LIFE IN WORK: Zhu Guangya (right), accompanying Nie Rongzhen (center), a former Chinese military leader, in an inspection of a nuclear test site in 1966 (CFP)
Zhu Guangya, a renowned nuclear physicist, died in Beijing on February 26 at the age of 87. Zhu was an academician at the Chinese Academy of Sciences (CAS) and the Chinese Academy of Engineering. He contributed to the development of China's first atomic and hydrogen bombs in the 1960s, and participated in nearly all related research and development programs.
Zhu Guangya (XU XIYI)
Zhu was born in Yichang, central China's Hubei Province, in 1924 and later moved to Wuhan, capital city of the province, with his family.
Zhu developed an interest in physics in high school. He studied at National Central University in Chongqing in 1941-42 and then was recommended to the Department of Physics at Southwest Associated University (SAU) in Kunming, southwest China's Yunnan Province, the best university of China during the 1930s to 1940s.
Zhu studied nuclear physics at the University of Michigan in the United States in 1946-50, where he obtained a doctorate.
Zhu urged overseas Chinese students to return to their motherland after the founding of the People's Republic of China in 1949. He drafted an open letter calling all Chinese students in the United States to go back to China to work, which resonated with Chinese students and scholars. In February 1950, Zhu returned to China.
Zhu taught at the Department of Physics at Peking University from 1950-52. As former Peking University president Chen Jia'er recalled, Zhu was the youngest professor in the department.
During the Korean War (1950-53), Zhu served as an interpreter in 1952-53.
Then he taught at the People's University of Northeast China (now Jilin University) in Changchun in 1953-55.
In 1955, China decided to develop the atomic bomb. Zhu returned to Peking University to become the deputy director of the physics research office which was responsible for cultivating talent to develop the technology needed to build the bomb.
During the next 15 years, he studied reactor physics and also worked in the Second Ministry of the Machine Building Industry of China.
In the fall of 1958, a nuclear reactor and accelerator built with assistance from the former Soviet Union was formally handed over, signaling the birth of the first comprehensive research base for the atomic bomb in China.
In 1959, after a dispute, the former Soviet Union withdrew their experts, halting efforts to develop the technology. But China did not abandon plans to build the bomb.
In 1959, Zhu, who was 35, became deputy director of the Nuclear Weapons Research Institution in the Second Ministry of the Machine Building Industry, which proved to be a major help for him to develop the atomic and hydrogen bombs.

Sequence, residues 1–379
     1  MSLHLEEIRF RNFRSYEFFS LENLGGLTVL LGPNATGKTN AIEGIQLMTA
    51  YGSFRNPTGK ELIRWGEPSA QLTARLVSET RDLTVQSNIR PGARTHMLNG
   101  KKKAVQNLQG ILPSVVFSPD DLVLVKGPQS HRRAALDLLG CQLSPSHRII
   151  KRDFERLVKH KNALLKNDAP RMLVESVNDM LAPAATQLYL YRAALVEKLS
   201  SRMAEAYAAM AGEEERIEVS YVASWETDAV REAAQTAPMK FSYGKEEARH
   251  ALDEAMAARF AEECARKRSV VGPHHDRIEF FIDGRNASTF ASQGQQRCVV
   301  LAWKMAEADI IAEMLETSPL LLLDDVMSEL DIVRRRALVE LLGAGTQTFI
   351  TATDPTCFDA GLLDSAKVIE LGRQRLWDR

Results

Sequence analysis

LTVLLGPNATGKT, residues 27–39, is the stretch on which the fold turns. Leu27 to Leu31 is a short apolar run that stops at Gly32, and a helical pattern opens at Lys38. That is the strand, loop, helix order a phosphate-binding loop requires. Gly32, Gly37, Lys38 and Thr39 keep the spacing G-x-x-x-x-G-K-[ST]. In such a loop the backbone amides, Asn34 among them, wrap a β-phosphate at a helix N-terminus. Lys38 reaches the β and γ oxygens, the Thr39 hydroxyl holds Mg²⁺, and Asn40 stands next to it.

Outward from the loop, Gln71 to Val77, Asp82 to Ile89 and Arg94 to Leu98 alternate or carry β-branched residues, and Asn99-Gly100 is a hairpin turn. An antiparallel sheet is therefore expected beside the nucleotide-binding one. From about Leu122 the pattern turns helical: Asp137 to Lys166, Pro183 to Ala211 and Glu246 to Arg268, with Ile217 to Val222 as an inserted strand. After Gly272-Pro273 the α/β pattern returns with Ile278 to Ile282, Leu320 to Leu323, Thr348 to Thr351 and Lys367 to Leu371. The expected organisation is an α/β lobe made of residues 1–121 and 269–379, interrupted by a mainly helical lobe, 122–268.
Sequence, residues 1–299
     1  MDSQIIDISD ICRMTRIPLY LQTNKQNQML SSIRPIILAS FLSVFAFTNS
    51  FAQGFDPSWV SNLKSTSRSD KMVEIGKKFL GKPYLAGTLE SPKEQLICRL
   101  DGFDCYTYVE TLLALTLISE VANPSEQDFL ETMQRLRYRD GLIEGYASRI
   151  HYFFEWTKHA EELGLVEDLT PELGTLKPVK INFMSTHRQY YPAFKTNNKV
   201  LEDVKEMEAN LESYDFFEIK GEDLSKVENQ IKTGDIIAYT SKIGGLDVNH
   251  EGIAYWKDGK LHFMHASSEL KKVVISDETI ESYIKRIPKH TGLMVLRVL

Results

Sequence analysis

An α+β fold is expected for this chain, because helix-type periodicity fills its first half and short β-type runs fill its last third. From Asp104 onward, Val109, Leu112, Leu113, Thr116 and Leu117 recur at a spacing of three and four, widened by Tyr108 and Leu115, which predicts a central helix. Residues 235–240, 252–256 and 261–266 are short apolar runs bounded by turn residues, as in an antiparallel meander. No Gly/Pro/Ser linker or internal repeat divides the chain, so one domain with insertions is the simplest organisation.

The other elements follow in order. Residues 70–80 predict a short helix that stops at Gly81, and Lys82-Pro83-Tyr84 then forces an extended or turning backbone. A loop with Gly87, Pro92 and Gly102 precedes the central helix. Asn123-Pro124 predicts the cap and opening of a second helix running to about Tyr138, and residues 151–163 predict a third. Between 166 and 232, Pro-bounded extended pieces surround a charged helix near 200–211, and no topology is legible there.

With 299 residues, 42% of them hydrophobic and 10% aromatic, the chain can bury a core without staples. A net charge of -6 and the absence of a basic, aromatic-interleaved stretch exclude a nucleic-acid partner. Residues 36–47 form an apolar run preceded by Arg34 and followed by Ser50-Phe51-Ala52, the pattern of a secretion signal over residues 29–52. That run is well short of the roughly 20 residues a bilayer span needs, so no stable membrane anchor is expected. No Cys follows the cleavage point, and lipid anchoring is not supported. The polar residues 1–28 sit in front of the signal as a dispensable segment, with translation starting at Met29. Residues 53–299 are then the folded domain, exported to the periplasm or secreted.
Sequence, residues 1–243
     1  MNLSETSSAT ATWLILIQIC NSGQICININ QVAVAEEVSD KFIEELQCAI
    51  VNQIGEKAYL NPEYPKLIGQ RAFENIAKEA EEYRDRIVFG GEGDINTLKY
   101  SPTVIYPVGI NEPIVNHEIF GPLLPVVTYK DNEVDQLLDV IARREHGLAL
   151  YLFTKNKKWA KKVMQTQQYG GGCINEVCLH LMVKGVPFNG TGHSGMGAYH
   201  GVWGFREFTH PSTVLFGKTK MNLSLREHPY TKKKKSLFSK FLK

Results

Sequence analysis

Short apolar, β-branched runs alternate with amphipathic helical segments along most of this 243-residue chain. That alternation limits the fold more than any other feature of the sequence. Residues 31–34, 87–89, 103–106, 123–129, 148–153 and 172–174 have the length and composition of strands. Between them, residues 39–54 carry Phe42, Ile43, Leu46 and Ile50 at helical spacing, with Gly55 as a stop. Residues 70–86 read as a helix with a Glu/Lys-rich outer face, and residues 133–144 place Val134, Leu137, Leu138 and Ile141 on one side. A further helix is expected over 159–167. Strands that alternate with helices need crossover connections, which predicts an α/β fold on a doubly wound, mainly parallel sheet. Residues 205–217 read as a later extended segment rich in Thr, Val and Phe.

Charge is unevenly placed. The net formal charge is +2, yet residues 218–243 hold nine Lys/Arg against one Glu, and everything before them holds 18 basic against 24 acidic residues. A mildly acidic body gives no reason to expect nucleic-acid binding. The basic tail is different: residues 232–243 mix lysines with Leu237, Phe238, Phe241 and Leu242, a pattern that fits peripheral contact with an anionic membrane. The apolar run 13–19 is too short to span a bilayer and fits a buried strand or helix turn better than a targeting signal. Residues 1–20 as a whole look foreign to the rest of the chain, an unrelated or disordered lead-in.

In 1962, the ministry planned to build the first bomb by 1964 or 1965. Zhu wrote two guiding documents for the plan, which the Central Government used to make a decision about the atom bomb. China set off its first atomic bomb on October 16, 1964.
Zhu also made a great contribution to the development of China's hydrogen bomb.
From 1970 to 1982, Zhu worked on projects for the People's Liberation Army of China and became deputy director of the Commission of Science, Technology and Industry for National Defense, now the State Administration for Science, Technology and Industry for National Defence under the Ministry of Industry and Information Technology of China.
As a senior academician at the CAS and the first president of the Chinese Academy of Engineering, Zhu also served on numerous civil technology commissions.
He also participated in the construction of the Qinshan Nuclear Power Plant, the first one on the mainland, and the research on the application and development of the radioactive isotope, and the drafting and implementation of China's high technology research and development programs.
In September 1999, Zhu was awarded a prestigious medal in recognition of his contribution to China's "Two Bombs, One Satellite" (atomic bomb, hydrogen bomb and man-made satellite) projects.
"You have devoted your whole life to the development of the country and service to the people. Your loyalty and unselfish dedication to the country and people will encourage younger generations and their descendants forever," Chinese Premier Wen Jiabao said when he paid a visit to Zhu's home on August 6, 2009.
Because of Zhu's prominent contributions, an asteroid, discovered by the National Astronomical Observatories of CAS, was named after him in December 2004.
Zhu also served as vice chairman of the National Committee of the Chinese People's Political Consultative Conference, China's top political advisory body, between 1994 and 2003.
Zhu always kept a low profile, wrote Nobel laureate Tsung-Dao Lee in a memoir, saying, "Zhu is a real scientist, a scientist with a strategic vision."